Most of the eyeball is within and protected by the orbit, formed by the lacrimal, maxilla, zygomatic, frontal, sphenoid, and ethmoid bones. The six extrin-sic muscles of the eye (Fig. 9–4) are attached to this bony socket and to the surface of the eyeball. There are four rectus (straight) muscles that move the eyeball up and down or side to side; the name tells you which direction. The medial rectus muscle, for example, pulls the eyeball medially, as if to look at the nose. The two oblique (slanted) muscles rotate the eye. The cra-nial nerves that innervate these muscles are the oculo-motor, trochlear, and abducens (3rd, 4th, and 6th cranial nerves, respectively). The very rapid and com-plex coordination of these muscles in both eyes is, for-tunately, not something we have to think about. The convergence of both eyes on an object is very impor-tant to ensure a single image (that is, to prevent dou-ble vision) and to give us depth perception and a three-dimensional world.
Figure 9–4. Extrinsic mus-cles of the eye. Lateral view of left eye (the medial rectus and superior oblique are not shown).
QUESTION: Contraction of the inferior rectus muscle will have what effect on the eye-ball?
In its wall, the eyeball has three layers: the outer sclera, middle choroid layer, and inner retina (Fig. 9–5). The sclera is the thickest layer and is made of fibrous connective tissue that is visible as the white of the eye. The most anterior portion is the cornea, which differs from the rest of the sclera in that it is transparent. The cornea has no capillaries, covers the iris and pupil inside the eye, and is the first part of the eye that refracts, or bends, light rays.
The choroid layer contains blood vessels and a dark blue pigment (derived from melanin) that absorbs light within the eyeball and thereby prevents glare (just as does the black interior of a camera). The anterior portion of the choroid is modified into more specialized structures: the ciliary body and the iris. The ciliary body (muscle) is a circular muscle that surrounds the edge of the lens and is connected to the lens by suspensory ligaments. The lens is made of a transparent, elastic protein, and, like the cornea, has no capillaries. The shape of the lens is changed by the ciliary muscle, which enables the eye to focus light from objects at varying distances from the eye.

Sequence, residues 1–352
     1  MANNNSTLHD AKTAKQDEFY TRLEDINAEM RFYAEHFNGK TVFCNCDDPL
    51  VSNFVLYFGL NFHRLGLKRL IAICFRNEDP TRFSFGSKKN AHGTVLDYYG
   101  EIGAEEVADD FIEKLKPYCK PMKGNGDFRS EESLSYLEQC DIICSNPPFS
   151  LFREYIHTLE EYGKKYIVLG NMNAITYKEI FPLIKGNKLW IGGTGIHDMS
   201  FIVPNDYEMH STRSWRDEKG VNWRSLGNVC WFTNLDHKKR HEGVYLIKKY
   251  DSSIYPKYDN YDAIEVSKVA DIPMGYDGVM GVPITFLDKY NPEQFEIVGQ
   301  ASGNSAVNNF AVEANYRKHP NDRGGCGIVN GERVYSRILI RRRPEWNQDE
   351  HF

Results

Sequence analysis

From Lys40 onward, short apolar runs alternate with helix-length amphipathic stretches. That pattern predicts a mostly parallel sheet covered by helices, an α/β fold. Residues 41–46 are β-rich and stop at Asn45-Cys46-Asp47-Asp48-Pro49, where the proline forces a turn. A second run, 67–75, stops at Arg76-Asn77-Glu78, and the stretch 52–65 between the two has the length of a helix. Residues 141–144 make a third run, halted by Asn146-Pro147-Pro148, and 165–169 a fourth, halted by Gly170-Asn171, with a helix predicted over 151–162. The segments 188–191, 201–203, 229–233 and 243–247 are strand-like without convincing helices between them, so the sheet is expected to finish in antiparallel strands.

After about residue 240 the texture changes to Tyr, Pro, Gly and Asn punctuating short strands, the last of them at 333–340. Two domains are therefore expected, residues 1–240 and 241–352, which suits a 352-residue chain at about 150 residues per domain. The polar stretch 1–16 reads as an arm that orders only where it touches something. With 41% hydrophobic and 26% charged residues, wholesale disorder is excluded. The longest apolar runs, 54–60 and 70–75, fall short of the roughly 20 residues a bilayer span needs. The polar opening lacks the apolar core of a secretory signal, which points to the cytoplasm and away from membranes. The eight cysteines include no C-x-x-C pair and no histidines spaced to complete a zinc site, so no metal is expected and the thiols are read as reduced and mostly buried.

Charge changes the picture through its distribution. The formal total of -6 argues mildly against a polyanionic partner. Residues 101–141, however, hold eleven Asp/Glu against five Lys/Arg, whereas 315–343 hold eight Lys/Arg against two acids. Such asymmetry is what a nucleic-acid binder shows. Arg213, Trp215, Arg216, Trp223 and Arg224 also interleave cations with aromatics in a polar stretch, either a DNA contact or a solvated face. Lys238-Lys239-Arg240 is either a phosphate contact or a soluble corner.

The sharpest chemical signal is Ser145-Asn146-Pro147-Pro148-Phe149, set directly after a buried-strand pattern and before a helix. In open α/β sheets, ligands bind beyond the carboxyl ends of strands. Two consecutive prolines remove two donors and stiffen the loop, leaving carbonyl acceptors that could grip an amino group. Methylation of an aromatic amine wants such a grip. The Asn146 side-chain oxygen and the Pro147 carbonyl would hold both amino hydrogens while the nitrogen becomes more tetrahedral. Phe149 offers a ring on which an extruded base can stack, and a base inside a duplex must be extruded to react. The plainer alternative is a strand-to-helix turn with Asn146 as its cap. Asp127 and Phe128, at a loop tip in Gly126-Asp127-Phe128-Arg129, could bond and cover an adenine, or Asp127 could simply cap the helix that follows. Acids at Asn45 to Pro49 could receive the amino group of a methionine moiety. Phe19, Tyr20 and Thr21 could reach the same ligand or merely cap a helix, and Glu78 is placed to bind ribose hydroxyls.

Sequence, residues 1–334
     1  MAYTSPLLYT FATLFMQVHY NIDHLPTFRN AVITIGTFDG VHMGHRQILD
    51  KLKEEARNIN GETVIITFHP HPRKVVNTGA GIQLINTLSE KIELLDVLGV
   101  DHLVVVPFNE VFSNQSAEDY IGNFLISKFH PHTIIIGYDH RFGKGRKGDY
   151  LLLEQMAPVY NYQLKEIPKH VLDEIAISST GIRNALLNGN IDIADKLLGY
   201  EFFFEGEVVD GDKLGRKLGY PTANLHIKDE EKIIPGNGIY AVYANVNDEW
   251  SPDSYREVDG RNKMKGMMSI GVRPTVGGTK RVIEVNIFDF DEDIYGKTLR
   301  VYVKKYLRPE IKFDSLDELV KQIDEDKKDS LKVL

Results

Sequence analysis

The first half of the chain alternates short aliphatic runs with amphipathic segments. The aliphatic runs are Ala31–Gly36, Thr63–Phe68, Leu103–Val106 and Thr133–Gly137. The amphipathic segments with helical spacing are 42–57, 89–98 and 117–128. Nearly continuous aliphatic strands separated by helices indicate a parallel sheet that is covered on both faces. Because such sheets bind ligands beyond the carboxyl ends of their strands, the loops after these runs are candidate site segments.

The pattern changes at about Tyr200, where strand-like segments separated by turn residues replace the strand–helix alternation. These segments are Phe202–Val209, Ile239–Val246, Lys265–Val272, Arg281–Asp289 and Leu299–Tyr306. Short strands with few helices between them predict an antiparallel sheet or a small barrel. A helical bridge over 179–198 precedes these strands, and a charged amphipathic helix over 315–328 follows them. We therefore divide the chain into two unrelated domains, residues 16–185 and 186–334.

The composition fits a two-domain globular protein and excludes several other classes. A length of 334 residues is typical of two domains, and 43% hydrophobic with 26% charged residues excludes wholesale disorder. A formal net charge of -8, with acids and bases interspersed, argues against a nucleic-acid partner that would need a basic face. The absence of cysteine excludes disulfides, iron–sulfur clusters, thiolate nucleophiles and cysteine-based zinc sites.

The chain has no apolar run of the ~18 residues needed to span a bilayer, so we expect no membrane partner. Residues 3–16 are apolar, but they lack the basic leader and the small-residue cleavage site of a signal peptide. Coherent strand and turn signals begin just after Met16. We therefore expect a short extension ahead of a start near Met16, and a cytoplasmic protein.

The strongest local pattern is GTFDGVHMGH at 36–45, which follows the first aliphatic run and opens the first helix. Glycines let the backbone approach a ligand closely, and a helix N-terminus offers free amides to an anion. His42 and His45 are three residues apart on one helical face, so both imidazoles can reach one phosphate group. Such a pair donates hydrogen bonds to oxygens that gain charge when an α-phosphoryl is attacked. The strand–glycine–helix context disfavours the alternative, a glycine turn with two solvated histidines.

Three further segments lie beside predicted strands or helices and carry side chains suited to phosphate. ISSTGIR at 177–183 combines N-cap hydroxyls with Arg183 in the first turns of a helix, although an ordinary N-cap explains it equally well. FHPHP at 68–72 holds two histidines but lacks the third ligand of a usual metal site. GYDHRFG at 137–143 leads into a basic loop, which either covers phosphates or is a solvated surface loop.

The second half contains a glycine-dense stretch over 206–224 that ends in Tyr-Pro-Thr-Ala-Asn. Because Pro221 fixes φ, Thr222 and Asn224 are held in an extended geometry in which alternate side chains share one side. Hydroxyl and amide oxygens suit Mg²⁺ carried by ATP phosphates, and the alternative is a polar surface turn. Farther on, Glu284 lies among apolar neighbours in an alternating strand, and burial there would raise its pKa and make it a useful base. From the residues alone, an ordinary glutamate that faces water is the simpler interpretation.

Just in front of the lens is the circular iris, the col-ored part of the eye; its pigment is a form of melanin.
What we call “eye color” is the color of the iris and is a genetic characteristic, just as skin color is. Two sets of smooth muscle fibers in the iris change the diame-ter of the pupil, the central opening. Contraction of the radial fibers dilates the pupil; this is a sympathetic response. Contraction of the circular fibers constricts the pupil; this is a parasympathetic response (oculo-motor nerves). Pupillary constriction is a reflex that protects the retina from intense light or that permits more acute near vision, as when reading.
The retina lines the posterior two-thirds of the eyeball and contains the visual receptors, the rods and cones (Fig. 9–6). Rods detect only the presence of light, whereas cones detect colors, which, as you may know from physics, are the different wavelengths of visible light. Rods are proportionally more abundant toward the periphery, or edge, of the retina. Our best vision in dim light or at night, for which we depend on the rods, is at the sides of our visual fields. Cones are most abundant in the center of the retina, espe-cially an area called the macula lutea directly behind the center of the lens on what is called the visual axis. The fovea, which contains only cones, is a small depression in the macula and is the area for best color vision.
An important cause of vision loss for people over 65 years of age is age-related macular degeneration (AMD), that is, loss of central vision, and some cases seem to have a genetic component. In the dry form of AMD, small fatty deposits impair circulation to the macula, and cells die from lack of oxygen. In the wet form of AMD, abnormal blood vessels begin leaking into the retina, and cells in the macula die from the damaging effects of blood outside its vessels. The macula, the center of the visual field, is the part of
Figure 9–6. Microscopic structure of the retina in the area of the optic disc. See text for description.
When light strikes the retina, the rods and cones generate impulses. These impulses are carried by gan-glion neurons, which all converge at the optic disc(see Figs. 9–5 and 9–6) and pass through the wall of the eyeball as the optic nerve. There are no rods or cones in the optic disc, so this part of the retina is sometimes called the “blind spot.” We are not aware of a blind spot in our field of vision, however, in part because the eyes are constantly moving, and in part because the brain “fills in” the blank spot to create a “complete” picture.
There are two cavities within the eye: the posterior cavity and the anterior cavity. The larger, posterior cavity is found between the lens and retina and con-tains vitreous humor (or vitreous body). This semi-solid substance keeps the retina in place. If the eyeball is punctured and vitreous humor is lost, the retina may fall away from the choroid; this is one possible cause of a detached retina.
The anterior cavity is found between the back of the cornea and the front of the lens, and contains aqueous humor, the tissue fluid of the eyeball. Aqueous humor is formed by capillaries in the ciliary body, flows anteriorly through the pupil, and is reab-sorbed by the canal of Schlemm (small veins also called the scleral venous sinus) at the junction of the iris and cornea. Because aqueous humor is tissue fluid, you would expect it to have a nourishing function, and it does. Recall that the lens and cornea have no capil-laries; they are nourished by the continuous flow of aqueous humor.